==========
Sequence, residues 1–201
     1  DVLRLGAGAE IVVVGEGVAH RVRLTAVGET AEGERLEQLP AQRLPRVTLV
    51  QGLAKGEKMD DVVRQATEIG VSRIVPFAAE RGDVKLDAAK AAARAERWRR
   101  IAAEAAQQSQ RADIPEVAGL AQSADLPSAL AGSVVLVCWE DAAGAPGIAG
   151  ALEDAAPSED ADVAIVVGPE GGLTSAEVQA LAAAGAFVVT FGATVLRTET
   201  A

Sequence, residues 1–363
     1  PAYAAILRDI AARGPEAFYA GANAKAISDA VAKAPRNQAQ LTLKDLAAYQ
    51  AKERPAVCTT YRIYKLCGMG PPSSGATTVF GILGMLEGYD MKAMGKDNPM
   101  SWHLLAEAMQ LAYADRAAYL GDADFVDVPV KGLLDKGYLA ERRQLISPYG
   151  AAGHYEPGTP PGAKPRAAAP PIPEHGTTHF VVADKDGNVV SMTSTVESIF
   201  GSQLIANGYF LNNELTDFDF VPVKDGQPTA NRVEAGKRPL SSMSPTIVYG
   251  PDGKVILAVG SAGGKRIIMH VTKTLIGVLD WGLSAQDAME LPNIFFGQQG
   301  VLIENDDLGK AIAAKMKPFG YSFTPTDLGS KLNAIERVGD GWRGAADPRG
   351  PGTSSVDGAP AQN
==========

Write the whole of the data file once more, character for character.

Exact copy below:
Sequence, residues 1–201
     1  DVLRLGAGAE IVVVGEGVAH RVRLTAVGET AEGERLEQLP AQRLPRVTLV
    51  QGLAKGEKMD DVVRQATEIG VSRIVPFAAE RGDVKLDAAK AAARAERWRR
   101  IAAEAAQQSQ RADIPEVAGL AQSADLPSAL AGSVVLVCWE DAAGAPGIAG
   151  ALEDAAPSED ADVAIVVGPE GGLTSAEVQA LAAAGAFVVT FGATVLRTET
   201  A

Sequence, residues 1–363
     1  PAYAAILRDI AARGPEAFYA GANAKAISDA VAKAPRNQAQ LTLKDLAAYQ
    51  AKERPAVCTT YRIYKLCGMG PPSSGATTVF GILGMLEGYD MKAMGKDNPM
   101  SWHLLAEAMQ LAYADRAAYL GDADFVDVPV KGLLDKGYLA ERRQLISPYG
   151  AAGHYEPGTP PGAKPRAAAP PIPEHGTTHF VVADKDGNVV SMTSTVESIF
   201  GSQLIANGYF LNNELTDFDF VPVKDGQPTA NRVEAGKRPL SSMSPTIVYG
   251  PDGKVILAVG SAGGKRIIMH VTKTLIGVLD WGLSAQDAME LPNIFFGQQG
   301  VLIENDDLGK AIAAKMKPFG YSFTPTDLGS KLNAIERVGD GWRGAADPRG
   351  PGTSSVDGAP AQN